4. Let \(\{E_m\}\) be a measurement which achieves \(F(\rho,\sigma) = F(\tilde \rho, \tilde \sigma)\). Moreover, \(D(\tilde \rho ,\tilde \sigma) \leq D(\rho,\sigma)\) by the data-processing inequality, since the ‘’measure-and-prepare’’ map \(\Lambda: \rho \mapsto \sum_m \operatorname{tr}[E_m \rho] | m \rangle\langle m |\) is CPTP. Thus, it remains to prove that \[ 1- F(\tilde \rho, \tilde \sigma) \leq D(\tilde \rho ,\tilde \sigma). \](5) These states are both diagonal in the basis \(\{| m \rangle\}\) and thus we’ve reduced to the classical case. We define \(p_m = \operatorname{tr}[\rho E_m]\) and \(q_m = \operatorname{tr}[\sigma E_m]\). Then \(F(\tilde \rho ,\tilde \sigma) = \sum_m \sqrt{p_m q_m}\), and \(\{p_m\}_m\) and \(\{q_m\}_m\) are each probability distributions. Then \[\begin{aligned} \sum_m (\sqrt{p_m} -\sqrt{q_m})^2 &= \sum_m p_m + \sum_m q_m - 2\sum_m \sqrt{p_m q_m}\\ &= 2(1 - F(\tilde \rho, \tilde \sigma)). \end{aligned}\] On the other hand, we can use the inequality \(|\sqrt{p_m} - \sqrt{q_m}| \leq |\sqrt{p_m} + \sqrt q_m|\) to see \[\begin{aligned} \sum_m (\sqrt{p_m} -\sqrt{q_m})^2 &=\sum_m |\sqrt{p_m} -\sqrt{q_m}|^2 \leq \sum_m |\sqrt{p_m} -\sqrt{q_m}||\sqrt{p_m} + \sqrt q_m|\\ &= \sum_m |p_m - q_m| = 2 D(\tilde \rho, \tilde \sigma) \end{aligned}\] which completes the proof1.
  1. The trick of considering \(\sum_m (\sqrt{p_m} -\sqrt{q_m})^2\) and the subsequent bounds are from Nielsen and Chuang, p. 415.


Exercise 2.

Let \(|\psi\rangle_{ABE}\) be a pure state of a tripartite system \(ABE\). define the coherent information from \(A\) to \(B\) of \(\psi\) to be \[ I_c^{A>B}(\psi) = - S(A|B)_\psi. \] Here \(S(A|B)_\psi\) denotes the conditional entropy of the subsystem \(A\) with respect to subsystem \(B\), given that the composite system \(ABE\) is in the pure state \(|\psi\rangle_{ABE}\). Henceforth we shall omit \(\psi\).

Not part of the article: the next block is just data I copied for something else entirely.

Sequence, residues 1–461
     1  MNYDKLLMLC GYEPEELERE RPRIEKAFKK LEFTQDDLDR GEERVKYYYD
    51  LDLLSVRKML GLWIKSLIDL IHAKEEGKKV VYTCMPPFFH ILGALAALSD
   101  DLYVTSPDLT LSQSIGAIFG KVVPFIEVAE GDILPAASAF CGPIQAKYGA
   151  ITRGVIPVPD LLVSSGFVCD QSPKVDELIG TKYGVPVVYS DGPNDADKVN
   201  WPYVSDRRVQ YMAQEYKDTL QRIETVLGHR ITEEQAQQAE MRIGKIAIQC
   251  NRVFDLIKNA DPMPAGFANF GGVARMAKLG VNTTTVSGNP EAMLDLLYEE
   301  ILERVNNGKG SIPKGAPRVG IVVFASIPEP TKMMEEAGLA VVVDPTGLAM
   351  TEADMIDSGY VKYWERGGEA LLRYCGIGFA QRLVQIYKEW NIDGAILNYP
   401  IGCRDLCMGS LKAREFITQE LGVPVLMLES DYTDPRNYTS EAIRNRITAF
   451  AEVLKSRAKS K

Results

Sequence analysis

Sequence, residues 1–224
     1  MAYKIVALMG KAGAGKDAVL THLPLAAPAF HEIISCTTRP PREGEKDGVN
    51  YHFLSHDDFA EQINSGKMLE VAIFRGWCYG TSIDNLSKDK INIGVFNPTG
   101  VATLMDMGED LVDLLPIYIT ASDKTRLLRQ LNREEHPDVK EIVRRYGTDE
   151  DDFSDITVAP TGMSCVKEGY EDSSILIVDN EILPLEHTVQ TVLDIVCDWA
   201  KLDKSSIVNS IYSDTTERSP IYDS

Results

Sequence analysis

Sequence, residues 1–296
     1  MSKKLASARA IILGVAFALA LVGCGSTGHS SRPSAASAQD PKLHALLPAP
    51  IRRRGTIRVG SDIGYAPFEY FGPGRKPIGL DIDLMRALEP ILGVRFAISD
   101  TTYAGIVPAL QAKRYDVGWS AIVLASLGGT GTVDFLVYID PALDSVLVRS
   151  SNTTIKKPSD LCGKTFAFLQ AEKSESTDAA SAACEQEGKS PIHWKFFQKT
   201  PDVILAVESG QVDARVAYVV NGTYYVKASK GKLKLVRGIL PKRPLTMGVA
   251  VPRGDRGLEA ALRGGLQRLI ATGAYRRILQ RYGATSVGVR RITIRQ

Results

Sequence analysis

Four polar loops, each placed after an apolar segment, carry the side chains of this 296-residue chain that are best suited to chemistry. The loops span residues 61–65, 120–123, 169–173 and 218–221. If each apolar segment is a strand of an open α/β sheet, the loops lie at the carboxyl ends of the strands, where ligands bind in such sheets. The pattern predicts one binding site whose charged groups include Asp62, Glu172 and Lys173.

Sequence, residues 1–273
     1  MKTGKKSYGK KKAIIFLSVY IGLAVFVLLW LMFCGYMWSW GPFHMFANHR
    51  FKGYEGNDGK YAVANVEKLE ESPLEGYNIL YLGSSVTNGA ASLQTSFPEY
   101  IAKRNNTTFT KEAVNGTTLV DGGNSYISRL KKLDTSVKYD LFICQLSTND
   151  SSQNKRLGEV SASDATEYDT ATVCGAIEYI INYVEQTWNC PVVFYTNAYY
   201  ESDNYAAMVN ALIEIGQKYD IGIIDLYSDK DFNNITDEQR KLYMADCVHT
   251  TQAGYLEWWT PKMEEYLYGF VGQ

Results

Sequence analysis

Prove the following identities:

  1. \(\frac{1}{2} I(A:B) + \frac{1}{2} I(A:E)= S(A)\)

  2. \(\frac{1}{2} I(A:B) - \frac{1}{2} I(A:E)= I_c^{A>B}\)

  1. By definition of the quantum mutual information, \[\begin{aligned} \frac{1}{2} I(A:B) + \frac{1}{2} I(A:E) &= \frac{1}{2} [ S(A) + S(B) - S(AB) + S(A) + S(E) - S(AE)] \\ &= S(A) + \frac{1}{2} [ S(B) - S(AB) + S(E) - S(AE)]. \end{aligned}\] Since \(| \psi \rangle_{ABE}\) is pure, \(S(B) = S(AE)\) and \(S(E) = S(AB)\) (since for any bipartition of the systems ABE, the entropies of both reduced density matrices are equal). Thus, the term in brackets vanishes and we obtain \(S(A)\) as desired.
  2. Likewise, \[\begin{aligned} \frac{1}{2} I(A:B) - \frac{1}{2} I(A:E) &= \frac{1}{2} [ S(A) + S(B) - S(AB) - S(A) - S(E) + S(AE)] \\ &= \frac{1}{2} [ S(B) - S(AB) - S(E) + S(AE)] \\ &= \frac{1}{2} [ S(B) - S(AB) - S(AB) + S(B)] \\ &= S(B) - S(AB) = - S(A|B) = I_c^{A>B}. \end{aligned}\]

Exercise 3.

A bipartite quantum state \(\rho_{AB}\) is said to be separable if it can be written as a convex combination of product states, i.e., if there exists an ensemble \(\{p_i, \sigma_A^{(i)} \otimes \tau_B^{(i)}\}\), with \(\sigma_A^{(i)} \in \mathcal{B}(\mathcal{H}_A)\) and \(\tau_B^{(i)}\in \mathcal{B}(\mathcal{H}_B)\), such that \[ \rho_{AB} = \sum_i p_i \sigma_A^{(i)} \otimes \tau_B^{(i)}. \] This allows us to extend the definition of entanglement to mixed states: a mixed state is entangled if it is not separable.

Show that if \(\rho_{AB}\) is separable then \(I_c^{A>B} \le 0\).

What implication does this have on the conditional entropy \(S(A|B)\)?

Since any separable state can be written as a convex combination of product pure states, any separable state \(\rho_{AB}\) may be written as \(\rho_{AB} = \sum_i p_i \psi_A^{(i)} \otimes \phi_B^{(i)}\) for some pure states \(\psi_A^{(i)}\) and \(\phi_B^{(i)}\). Next, because the quantum conditional entropy is concave1, the coherent information is convex. Thus \[ I_c^{A>B}(\rho) \leq \sum_i p_i I_c^{A>B} ( \psi_A^{(i)} \otimes \phi_B^{(i)}) = \sum_i p_i [ S(\phi_B^{(i)}) - S(\psi_A^{(i)} \otimes \phi_B^{(i)})]. \] But each entropy is the entropy of a pure state and thus vanishes. Thus, \(I_c^{A>B}(\rho) \leq 0\). Thus conditional entropy is therefore non-negative on separable states.

  1. Exercise 9 of Example Sheet 3